Scottish First Division Dunfermline Owner To Announce Club's Fate Tuesday
Scottish First Division Dunfermline AFC Owner Gavin Masterton "will not announce the future for the financially stricken club until Tuesday," according to STV. The club "faces being wound-up" over a £134,000 ($203,000) tax bill and options put forward include "voluntarily going in to administration or being liquidated." Masterton and the Dunfermline board "met non-footballing staff at the club’s East End Park stadium on Monday morning to update them." The club owner "will make a statement on the club’s future on Tuesday" -- after the 5pm deadline to settle the bill from U.K. tax authority HMRC (STV, 3/25). The Scotland DAILY RECORD reported Masterton is "continuing to look for a solution amid major cash flow problems." Dunfermline Football Dir Jim Leishman said, "Nothing has changed from last week. The options include administration or liquidation. I'm just an employee of the football club -- Gavin Masterton is in charge of the club's future" (DAILY RECORD, 3/25). In Dundee, Neil Robertson reported Leishman announced the club had reached “the end of the road,” and the ball was once again in Masterton’s court. Leishman said that the steering group "had investors in place willing to pay off the tax man and help the club through to the end of the season." However, having completed due diligence on the club’s books, "there were concerns about the long-term viability of the club in its present form" (THE COURIER, 3/25).
KEEPING THE FAITH: In Edinburgh, Iain Collin reported Dunfermline Chair John Yorkston insisted the club’s beleaguered board "had not given up hope." Liquidation has "always appeared the most likely scenario" if the HMRC liability could not be settled, but the possibility of voluntary administration "has also now been tabled as the Fifers’ board desperately try to cling to survival." And Yorkston insisted that "everything was under consideration by Masterton." Yorkston said: "We are not giving up, and we’ll hold more meetings on Monday. We’ve got to look at everything. The worst option for the club is liquidation. None of the folk I know want that, certainly none of the people that I’ve been involved in the talks with. Administration is also an option, but at the moment so is somebody else coming in at the 11th hour" (SCOTSMAN, 3/25).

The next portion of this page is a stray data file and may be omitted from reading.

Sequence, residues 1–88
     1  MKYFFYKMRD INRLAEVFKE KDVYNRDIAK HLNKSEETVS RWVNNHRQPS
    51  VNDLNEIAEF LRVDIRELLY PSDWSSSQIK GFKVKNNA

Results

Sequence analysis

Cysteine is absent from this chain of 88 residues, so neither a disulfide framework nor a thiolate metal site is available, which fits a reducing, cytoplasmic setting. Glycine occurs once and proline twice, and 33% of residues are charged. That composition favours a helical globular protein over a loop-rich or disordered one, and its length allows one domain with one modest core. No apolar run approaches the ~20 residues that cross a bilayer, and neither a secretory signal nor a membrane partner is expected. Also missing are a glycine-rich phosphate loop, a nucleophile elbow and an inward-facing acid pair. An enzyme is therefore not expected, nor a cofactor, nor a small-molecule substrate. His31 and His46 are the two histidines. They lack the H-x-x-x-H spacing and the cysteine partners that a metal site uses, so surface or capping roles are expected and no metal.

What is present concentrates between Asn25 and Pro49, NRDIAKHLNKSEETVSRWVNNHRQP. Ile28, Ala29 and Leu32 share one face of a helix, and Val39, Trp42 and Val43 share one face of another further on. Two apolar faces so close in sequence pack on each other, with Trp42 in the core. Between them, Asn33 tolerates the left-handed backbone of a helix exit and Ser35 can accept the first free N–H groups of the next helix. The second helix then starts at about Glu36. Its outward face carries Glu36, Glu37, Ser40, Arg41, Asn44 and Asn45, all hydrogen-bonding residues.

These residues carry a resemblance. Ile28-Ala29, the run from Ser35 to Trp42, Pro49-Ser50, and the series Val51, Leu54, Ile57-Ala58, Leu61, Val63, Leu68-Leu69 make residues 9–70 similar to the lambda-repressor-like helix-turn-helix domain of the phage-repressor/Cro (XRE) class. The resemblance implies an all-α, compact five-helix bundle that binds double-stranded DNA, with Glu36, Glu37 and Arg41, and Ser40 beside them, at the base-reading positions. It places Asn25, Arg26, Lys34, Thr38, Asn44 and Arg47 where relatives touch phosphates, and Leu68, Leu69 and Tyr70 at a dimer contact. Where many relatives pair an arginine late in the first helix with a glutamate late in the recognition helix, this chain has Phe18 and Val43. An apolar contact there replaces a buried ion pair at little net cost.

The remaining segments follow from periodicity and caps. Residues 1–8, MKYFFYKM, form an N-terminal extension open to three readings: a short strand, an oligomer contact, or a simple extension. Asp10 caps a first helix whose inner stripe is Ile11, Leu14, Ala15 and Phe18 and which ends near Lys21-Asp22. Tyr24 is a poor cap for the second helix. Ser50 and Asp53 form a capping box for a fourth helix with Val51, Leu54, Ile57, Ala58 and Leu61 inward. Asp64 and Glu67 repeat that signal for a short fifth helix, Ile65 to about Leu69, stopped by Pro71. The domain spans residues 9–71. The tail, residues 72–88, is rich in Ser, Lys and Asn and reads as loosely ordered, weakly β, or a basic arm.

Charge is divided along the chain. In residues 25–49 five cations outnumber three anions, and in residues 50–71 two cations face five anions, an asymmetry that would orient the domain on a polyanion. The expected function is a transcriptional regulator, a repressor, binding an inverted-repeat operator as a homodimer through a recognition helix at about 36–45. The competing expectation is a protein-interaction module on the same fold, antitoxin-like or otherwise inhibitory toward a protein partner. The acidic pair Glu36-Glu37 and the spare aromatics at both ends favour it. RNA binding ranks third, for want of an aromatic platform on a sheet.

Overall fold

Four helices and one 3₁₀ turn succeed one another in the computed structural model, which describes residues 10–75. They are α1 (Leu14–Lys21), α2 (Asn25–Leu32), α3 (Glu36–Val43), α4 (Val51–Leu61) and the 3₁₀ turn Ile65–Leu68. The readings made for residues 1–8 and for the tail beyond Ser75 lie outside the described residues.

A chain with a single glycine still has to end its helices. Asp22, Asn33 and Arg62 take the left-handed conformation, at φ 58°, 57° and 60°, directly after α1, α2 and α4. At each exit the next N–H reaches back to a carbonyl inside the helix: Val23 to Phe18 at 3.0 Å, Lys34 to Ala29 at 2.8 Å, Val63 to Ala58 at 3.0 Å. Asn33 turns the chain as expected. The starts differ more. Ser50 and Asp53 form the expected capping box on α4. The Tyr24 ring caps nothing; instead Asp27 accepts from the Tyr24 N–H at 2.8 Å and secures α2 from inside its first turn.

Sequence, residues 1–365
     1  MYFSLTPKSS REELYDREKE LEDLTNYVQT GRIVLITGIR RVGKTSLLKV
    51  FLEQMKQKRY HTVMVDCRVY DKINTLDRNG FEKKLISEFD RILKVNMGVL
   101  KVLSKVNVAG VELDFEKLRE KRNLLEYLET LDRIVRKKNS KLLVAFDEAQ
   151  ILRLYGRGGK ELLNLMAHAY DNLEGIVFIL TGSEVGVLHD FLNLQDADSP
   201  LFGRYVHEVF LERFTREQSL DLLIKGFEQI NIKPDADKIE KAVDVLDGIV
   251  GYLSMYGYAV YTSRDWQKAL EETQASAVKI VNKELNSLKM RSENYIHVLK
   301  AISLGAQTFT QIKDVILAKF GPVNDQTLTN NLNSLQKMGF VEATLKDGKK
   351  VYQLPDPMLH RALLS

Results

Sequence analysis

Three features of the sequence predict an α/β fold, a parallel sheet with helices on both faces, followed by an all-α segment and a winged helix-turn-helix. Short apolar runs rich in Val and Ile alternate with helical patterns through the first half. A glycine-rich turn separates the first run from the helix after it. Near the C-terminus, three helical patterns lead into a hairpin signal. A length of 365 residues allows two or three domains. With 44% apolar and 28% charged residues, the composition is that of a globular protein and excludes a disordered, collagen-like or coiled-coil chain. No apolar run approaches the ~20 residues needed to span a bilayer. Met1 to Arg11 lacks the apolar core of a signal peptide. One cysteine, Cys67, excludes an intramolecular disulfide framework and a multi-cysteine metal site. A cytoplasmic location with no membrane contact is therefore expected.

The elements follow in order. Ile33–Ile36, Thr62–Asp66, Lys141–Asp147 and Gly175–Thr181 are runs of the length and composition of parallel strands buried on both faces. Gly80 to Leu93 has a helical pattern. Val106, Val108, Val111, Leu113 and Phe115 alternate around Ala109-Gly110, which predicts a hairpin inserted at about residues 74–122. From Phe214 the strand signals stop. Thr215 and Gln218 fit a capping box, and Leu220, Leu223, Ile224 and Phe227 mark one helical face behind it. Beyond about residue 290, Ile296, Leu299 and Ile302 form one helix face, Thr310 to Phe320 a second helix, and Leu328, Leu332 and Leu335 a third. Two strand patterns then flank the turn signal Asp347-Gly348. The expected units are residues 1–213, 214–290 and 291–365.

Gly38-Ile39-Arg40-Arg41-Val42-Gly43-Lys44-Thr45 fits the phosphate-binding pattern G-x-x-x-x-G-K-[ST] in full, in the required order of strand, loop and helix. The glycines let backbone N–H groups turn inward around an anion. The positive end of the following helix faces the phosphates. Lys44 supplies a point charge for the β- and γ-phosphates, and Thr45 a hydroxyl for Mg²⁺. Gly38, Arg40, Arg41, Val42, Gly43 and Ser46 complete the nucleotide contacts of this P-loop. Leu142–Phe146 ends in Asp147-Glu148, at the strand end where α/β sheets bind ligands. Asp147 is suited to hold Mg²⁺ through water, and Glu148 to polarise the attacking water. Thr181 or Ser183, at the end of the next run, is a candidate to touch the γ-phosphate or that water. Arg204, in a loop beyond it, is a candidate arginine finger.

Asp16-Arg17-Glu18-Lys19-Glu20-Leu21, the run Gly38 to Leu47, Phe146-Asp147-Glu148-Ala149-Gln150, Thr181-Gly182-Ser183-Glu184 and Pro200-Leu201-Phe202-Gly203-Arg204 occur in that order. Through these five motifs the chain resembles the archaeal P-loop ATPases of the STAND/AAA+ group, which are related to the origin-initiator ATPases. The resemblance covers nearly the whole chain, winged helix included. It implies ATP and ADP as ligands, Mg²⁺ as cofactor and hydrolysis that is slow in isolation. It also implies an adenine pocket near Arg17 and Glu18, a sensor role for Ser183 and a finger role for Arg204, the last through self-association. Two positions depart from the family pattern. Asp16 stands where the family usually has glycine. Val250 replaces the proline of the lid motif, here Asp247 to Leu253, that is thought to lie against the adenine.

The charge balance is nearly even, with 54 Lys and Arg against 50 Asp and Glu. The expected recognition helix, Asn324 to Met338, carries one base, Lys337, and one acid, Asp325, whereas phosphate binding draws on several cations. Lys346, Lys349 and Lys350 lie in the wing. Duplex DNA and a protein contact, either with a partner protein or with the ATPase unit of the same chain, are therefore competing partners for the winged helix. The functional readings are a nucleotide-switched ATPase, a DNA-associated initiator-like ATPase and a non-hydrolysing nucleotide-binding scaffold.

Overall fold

OFFERING SUPPORT: In London, Brian Marjoribanks reported Dunfermline goalkeeper Paul Gallacher "accused the game’s governing bodies of standing back and allowing the 128-year-old club to wither and die." Gallacher, who lives in Dunfermline, said that "he has witnessed first-hand the heartache being suffered by Dunfermline fans at the imminent collapse of their local team." He admits to "having been stunned by what he perceives as a lack of help" from the Scottish Football League and Scottish FA for a club clearly "dying on its knees." Gallacher said, "Should the governing bodies be helping this club survive? They've not done a thing yet, have they? Nobody has helped at all. The league won’t help. It seems there are no (rules) in place for them to do anything for us, so it’s been left to us to try and turn this sorry sight around" (DAILY MAIL, 3/24).